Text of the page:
Can you hear me coach? A communication model for field sport games

By Garrett Fintan Coughlan @garrett_physio, Andy Friend @andyfriend2011, Brian Green @briangreen36 and Jonathan Hanson @sportsdocskye

In the high pressure environment of professional field sports games, growing numbers of medical personnel are required to provide care. The interprofessional environment has created a higher demand on non-technical skills called ‘human factors’ which include situational awareness, decision making, communication, teamwork and leadership. These skills should be learnt to ensure good clinical outcomes and optimal patient care. Communication strategies commonly exist in disaster relief [1], military and aviation settings [2], however, there is a paucity in the sports medicine literature. Standardised, accurate and unambiguous exchange of information between medical personnel, facilitate informed medical decision making–the highest possible standards of player care and reduced time wasted with non-essential information. In this editorial, we propose a practical medical communication model for field sport games.

PRE-GAME

Pre-game meeting

The pre-game meeting with on and off-field medical personnel (Table 1) from both teams outlines individual and key leadership roles in addition to medical room and pitch protocols (e.g., catastrophic emergency, extrication plan, equipment available, video review). A clearly identifiable leader with clear and concise instructions are two of the most important factors that may differentiate between success and failure of a critical incident [3]. We recommend that all medical personnel agree on the communication protocols outlining the use of verbal (see below In-game) and non-verbal strategies (e.g., hand signals for injurious events / resuscitation team / blood / head injury assessments (HIA)) to manage potentially injurious on-field events. Coaching and medical staff not present at the meeting, should be made aware of any local variations to protocols to ensure clarity pre-game.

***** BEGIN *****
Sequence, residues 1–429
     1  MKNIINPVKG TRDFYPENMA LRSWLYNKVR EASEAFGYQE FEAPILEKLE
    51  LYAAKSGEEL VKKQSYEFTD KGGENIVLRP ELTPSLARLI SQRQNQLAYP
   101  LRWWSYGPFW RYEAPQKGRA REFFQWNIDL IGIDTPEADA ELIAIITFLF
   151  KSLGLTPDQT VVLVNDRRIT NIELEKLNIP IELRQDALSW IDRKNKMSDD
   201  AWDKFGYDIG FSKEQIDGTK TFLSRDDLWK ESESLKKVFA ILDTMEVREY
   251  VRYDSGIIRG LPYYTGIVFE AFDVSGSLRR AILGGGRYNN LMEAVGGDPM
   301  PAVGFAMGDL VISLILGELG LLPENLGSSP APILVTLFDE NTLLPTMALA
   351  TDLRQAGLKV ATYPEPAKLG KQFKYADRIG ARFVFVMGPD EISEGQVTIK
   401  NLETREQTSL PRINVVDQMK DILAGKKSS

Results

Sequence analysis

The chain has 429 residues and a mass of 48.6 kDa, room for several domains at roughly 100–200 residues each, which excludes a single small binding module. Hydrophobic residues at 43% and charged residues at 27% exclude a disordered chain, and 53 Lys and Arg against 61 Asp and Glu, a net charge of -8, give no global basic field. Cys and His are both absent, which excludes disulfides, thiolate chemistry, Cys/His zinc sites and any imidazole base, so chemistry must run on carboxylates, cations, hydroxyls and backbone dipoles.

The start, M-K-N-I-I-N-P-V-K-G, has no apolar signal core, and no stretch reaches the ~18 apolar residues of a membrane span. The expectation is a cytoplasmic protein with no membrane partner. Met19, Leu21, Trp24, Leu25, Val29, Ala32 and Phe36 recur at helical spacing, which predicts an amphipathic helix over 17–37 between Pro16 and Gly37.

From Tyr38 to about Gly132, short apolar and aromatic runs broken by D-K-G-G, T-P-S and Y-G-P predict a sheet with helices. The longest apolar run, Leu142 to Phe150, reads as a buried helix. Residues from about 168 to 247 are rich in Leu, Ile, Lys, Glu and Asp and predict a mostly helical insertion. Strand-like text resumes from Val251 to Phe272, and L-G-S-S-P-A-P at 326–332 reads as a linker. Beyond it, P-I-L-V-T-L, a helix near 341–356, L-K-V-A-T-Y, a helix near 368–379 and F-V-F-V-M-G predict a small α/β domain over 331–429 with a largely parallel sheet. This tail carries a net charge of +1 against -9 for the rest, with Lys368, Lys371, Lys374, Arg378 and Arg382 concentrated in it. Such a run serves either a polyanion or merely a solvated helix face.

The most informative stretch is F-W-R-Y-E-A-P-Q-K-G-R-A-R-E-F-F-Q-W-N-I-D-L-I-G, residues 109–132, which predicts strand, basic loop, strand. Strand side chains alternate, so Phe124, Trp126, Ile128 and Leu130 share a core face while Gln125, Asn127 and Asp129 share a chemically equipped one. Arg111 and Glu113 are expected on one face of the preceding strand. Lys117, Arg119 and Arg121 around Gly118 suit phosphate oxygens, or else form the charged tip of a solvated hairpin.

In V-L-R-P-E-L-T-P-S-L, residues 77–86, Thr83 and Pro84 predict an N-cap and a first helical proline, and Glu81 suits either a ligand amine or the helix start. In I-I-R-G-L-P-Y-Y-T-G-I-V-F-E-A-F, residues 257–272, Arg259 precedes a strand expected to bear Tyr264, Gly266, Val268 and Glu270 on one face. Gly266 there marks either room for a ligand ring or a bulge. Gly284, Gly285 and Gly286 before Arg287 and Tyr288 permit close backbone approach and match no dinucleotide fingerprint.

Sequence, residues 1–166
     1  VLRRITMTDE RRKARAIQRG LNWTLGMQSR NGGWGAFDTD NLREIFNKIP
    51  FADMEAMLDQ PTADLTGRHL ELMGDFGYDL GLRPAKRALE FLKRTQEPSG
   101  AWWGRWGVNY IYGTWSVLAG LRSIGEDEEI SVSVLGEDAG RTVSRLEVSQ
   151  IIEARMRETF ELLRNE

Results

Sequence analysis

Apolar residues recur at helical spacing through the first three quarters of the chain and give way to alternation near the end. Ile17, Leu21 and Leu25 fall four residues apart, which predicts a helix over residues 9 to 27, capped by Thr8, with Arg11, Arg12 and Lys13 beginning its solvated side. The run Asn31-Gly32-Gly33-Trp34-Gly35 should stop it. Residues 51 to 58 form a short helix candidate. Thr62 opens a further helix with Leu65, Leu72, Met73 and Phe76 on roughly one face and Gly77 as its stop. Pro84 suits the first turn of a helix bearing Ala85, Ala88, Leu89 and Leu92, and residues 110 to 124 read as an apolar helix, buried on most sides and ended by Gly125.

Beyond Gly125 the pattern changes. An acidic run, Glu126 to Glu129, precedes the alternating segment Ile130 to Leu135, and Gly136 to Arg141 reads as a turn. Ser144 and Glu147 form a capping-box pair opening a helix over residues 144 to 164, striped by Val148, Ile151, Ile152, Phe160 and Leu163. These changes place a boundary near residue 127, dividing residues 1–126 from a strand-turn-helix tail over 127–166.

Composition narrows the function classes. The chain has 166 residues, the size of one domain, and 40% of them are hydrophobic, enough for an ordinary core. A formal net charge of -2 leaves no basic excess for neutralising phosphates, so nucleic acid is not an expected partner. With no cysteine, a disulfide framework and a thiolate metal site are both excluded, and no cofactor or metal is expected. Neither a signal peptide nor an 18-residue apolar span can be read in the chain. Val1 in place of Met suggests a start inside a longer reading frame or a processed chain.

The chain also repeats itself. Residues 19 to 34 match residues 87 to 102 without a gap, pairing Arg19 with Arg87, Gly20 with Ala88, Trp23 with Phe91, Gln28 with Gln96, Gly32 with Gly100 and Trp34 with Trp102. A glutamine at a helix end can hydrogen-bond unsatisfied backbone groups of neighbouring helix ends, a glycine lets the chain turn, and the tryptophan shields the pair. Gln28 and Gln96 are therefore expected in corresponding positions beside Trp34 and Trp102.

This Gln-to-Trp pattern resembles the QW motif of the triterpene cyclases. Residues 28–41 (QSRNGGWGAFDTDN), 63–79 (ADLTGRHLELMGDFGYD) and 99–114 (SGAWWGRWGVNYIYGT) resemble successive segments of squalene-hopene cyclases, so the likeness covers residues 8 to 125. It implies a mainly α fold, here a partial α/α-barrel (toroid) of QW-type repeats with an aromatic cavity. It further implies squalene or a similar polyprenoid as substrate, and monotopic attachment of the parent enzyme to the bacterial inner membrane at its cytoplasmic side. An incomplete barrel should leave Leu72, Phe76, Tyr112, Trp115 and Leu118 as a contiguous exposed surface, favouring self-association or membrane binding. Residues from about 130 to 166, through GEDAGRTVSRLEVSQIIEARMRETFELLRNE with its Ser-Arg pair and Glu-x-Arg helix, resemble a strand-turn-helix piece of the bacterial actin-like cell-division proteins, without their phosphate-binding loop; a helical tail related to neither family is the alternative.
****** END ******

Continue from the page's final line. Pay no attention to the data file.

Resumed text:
Table 1: Sample on-field and off-field medical personnel in professional club rugby

On-field Home Team On-field Visiting Team Off-field Medical Team
On-field Team Doctor On-field Team Doctor Match Day Doctor
On-field Physiotherapist On-field Physiotherapist Immediate Care Lead
Support Physiotherapist Support Physiotherapist Advanced Paramedic
Soft-t issue Therapist Ambulance Team
Video Review Technician
Medical Room Video Reviewer

 

Radio check

Professional teams typically use a secure radio system for in-game communication, allowing for tactical and medical information to be relayed between coaching and medical staff.  We recommend that the off-field medical team have an independent radio system to facilitate communication given their potentially different locations in game.  Teams should ensure that a pre-game radio check is completed.

IN GAME

Pre-field entry